Salvador Beltran del Rio, the head of the National Immigration Institute (INM) appointed 8 months ago by Calderon to clean up the agency, gave chilling testimony before the Human Rights Commission of the lower house this week, admitting to widespread corruption in the INM including agents kidnapping Central American immigrants and cooperating with organized crime. PAN members of the Human Rights Commission were noticeably absent from the hearings.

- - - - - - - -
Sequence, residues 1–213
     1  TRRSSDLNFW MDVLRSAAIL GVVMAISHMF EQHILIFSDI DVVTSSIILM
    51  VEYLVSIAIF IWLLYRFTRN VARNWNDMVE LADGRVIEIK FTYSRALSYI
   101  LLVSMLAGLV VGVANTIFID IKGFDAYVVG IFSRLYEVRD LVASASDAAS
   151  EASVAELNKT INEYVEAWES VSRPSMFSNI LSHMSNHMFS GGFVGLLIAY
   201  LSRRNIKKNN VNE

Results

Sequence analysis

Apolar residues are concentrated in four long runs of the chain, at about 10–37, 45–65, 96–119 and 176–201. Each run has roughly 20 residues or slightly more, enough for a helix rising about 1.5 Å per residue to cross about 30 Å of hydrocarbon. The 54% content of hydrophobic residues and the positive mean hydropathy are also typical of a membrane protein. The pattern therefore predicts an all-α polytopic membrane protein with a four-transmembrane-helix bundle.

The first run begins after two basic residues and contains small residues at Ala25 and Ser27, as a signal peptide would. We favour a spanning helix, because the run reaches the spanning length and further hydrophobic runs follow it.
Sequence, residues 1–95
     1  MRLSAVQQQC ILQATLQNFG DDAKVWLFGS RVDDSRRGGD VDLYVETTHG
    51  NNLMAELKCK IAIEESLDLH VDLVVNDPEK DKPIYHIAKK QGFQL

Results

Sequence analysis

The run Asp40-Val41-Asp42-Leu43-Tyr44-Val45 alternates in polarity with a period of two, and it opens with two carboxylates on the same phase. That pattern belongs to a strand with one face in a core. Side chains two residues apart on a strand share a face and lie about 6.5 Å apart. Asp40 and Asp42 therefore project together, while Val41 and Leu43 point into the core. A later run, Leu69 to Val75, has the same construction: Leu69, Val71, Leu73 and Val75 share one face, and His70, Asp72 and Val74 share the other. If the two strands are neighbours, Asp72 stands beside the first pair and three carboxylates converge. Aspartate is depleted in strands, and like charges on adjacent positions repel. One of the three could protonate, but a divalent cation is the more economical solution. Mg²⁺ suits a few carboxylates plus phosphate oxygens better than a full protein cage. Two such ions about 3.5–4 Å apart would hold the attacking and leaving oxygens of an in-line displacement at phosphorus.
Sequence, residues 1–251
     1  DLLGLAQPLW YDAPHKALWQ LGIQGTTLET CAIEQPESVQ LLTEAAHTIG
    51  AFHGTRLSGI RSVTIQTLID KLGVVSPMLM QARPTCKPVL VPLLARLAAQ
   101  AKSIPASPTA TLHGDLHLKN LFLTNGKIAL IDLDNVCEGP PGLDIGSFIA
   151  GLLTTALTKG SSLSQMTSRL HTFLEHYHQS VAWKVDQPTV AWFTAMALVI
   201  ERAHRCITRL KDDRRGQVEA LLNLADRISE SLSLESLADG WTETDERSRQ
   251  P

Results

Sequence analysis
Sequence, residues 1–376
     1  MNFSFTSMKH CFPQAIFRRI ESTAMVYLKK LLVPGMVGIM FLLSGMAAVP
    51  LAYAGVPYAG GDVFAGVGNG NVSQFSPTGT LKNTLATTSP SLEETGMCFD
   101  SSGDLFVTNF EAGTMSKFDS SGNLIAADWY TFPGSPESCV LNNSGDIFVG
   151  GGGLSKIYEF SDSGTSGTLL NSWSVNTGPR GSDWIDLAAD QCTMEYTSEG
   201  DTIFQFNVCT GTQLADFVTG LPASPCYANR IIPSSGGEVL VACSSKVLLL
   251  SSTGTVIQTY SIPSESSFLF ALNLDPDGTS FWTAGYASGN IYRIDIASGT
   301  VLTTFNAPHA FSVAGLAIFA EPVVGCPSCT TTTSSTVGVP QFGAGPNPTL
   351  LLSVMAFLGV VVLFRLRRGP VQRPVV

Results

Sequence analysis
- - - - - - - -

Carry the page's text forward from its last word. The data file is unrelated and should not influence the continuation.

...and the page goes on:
Meanwhile, Alejandro Solalinde, a priest from Veracruz active in defending immigrant rights, called for the disappearance of the INM. "[The INM] is damaged, corrupt, obsolete, unreliable," said Solalinde, as he called for the formation of an entirely new government agency that would protect immigrants.